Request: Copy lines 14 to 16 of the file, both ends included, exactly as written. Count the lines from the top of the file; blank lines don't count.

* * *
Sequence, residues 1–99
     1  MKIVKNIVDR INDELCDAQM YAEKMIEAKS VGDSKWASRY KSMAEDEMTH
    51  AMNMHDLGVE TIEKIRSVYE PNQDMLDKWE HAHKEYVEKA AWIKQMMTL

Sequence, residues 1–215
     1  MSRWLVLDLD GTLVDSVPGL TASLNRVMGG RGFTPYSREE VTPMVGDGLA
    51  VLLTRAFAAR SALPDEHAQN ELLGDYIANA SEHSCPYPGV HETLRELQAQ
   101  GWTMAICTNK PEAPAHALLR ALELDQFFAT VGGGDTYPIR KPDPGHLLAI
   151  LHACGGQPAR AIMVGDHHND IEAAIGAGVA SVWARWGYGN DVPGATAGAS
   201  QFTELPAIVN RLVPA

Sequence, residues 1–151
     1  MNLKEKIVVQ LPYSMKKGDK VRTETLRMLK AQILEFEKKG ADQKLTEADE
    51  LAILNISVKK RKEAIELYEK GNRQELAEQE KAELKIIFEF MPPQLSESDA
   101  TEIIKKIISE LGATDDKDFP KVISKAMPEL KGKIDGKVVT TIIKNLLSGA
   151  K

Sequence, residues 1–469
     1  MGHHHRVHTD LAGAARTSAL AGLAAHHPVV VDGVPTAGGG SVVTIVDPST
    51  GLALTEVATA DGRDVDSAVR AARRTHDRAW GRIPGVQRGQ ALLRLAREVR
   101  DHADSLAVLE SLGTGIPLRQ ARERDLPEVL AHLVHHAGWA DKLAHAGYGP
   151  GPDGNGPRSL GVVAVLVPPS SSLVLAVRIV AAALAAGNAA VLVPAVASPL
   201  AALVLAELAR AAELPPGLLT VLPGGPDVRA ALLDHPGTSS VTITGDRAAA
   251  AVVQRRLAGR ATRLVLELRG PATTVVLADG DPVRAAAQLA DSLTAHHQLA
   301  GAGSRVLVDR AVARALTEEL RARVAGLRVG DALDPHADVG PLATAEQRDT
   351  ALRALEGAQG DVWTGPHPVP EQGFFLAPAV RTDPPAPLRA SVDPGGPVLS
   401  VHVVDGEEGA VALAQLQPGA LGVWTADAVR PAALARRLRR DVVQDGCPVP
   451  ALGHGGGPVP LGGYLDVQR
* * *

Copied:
   151  K

Sequence, residues 1–469
     1  MGHHHRVHTD LAGAARTSAL AGLAAHHPVV VDGVPTAGGG SVVTIVDPST